The flier announcing a new exhibition in Queens, “Home-O-Stasis,” doesn’t give an address. Instead, it has instructions: When you reach the Queens Public Library in Flushing, “go up to Kissena Boulevard till you see the Q17/Q27 stop. Go past the garage gate, enter the mini-mall on the right where scooters and bikes are parked outside.” (How you get to the library is up to you and Google maps.)
The gesture says a lot about the show, up until July 23: it pays homage to a neighborhood whose residents are almost 70 percent Asian, most from China, Korea and Taiwan. To find the art, which jostles for space with shop signs, advertising notices and handbills that plaster the walls and windows of its nondescript site, you need to experience Flushing as its residents do — as a series of everyday, visual cues that shape a sense of place rather than an address.
“Even though I grew up in Flushing my grasp of the language is not whole,” said the sculptor Anne Wu, whose work is on view. “I may not know what a place is called but I can tell you how you get there.”
The effort is worth it.
The show is in one of the disappearing fixtures of Asian urban enclaves: a one-story mini-mall housing a motley array of businesses, including a beauty shop, a butcher, a money transfer service, and a 99-cent store.
Its organizers are the husband-and-wife team Herb Tam, a curator at the Museum of Chinese in America and a painter, and Lu Zhang, an artist working in both video and ceramics. The couple, who live down the street, noticed the building during the pandemic, when its windows were covered with handwritten “rooms for rent” signs. People on the sidewalk, often new immigrants, would crowd around the notices, looking for a place to land — no easy feat in a neighborhood in the throes of gentrification.
“We thought, wouldn’t it be nice to offer something to people who are looking for places to live something else to reflect on,” Tam said. “We decided to invite other artists who had a close relationship to Flushing — who lived here, were born here, or had some intimate connection — and collectively explore what makes Flushing unique.”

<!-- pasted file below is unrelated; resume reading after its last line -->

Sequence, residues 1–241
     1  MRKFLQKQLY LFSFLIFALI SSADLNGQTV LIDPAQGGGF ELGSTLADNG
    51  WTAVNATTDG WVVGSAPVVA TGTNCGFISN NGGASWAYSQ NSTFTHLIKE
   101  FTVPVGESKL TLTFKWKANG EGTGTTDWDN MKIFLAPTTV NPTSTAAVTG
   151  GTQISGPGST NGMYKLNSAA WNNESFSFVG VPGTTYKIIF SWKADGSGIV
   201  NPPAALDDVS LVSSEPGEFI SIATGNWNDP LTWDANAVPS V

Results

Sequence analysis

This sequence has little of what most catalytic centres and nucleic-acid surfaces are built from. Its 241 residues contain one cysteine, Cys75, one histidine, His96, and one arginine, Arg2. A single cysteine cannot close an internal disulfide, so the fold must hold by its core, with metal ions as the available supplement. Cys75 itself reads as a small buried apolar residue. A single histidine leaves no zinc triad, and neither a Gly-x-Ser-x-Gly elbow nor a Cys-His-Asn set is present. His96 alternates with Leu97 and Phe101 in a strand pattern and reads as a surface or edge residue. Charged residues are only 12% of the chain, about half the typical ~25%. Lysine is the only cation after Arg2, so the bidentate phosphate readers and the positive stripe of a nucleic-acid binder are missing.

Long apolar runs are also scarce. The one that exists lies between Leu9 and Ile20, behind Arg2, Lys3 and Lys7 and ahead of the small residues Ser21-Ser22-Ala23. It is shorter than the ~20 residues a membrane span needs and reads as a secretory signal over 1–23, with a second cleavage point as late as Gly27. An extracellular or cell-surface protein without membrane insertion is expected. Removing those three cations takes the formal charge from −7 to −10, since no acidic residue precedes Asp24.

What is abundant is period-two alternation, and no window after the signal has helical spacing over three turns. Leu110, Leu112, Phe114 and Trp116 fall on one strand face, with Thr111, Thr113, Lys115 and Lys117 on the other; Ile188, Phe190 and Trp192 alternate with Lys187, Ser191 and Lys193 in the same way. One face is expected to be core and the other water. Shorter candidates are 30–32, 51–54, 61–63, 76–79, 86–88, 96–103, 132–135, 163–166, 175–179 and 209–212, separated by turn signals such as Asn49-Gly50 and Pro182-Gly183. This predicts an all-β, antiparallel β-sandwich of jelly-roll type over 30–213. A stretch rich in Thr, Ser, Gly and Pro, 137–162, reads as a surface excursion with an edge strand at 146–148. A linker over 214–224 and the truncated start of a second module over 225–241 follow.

Some of the artists, like Wu, grew up in Flushing. Others have visited regularly, some since childhood, with their parents, including the photographer Janice Chung, the writer Xueli Wang, and the founders of the collective Mamahuhu, Yuki He and Quianfan Gu, who produce multidisciplinary events focused on Chinese culture. For all, shopping for familiar foods in markets, picking up Chinese- and Korean-language books in the library, and eating at restaurants offering various regional specialties gave them a feeling of home and a sense of connection with people whose lives had followed similar routes from Asia to the United States.
Convincing the shop owners to let them insert artwork on the windows and walls of their business was not easy. “When I first talked to the vendors, there was skepticism,” Zhang said. “Until I brought in work, and spoke to them one by one — then they started to find it interesting. ”
Tam added: “Lu didn’t approach it in a purely transactional way, like, how much would it cost to rent this space. Instead, she explained very honestly what we were trying to do and what work we were hoping to display, so they felt very much part of it.” (The curators did in fact pay each of the businesses, but many offered them “steep discounts,” Lu said.)
The works are inserted in subtle and surprising ways, so as not to interrupt the flow of traffic or social interactions that take place at the mini-mall. A group of small-scale, delicately painted scenes of daily life by Tam are fairly easy to spot at the barbershop and vitamin shop. But finding other art requires close looking — acclimatizing oneself to the landscape of signs and posters hanging on walls and from ceilings. Slowly, you begin to recognize things slightly out of sync with their surroundings. (Some of the text-based works in the show appear in both English and Asian languages; there is also a brochure available on-site.)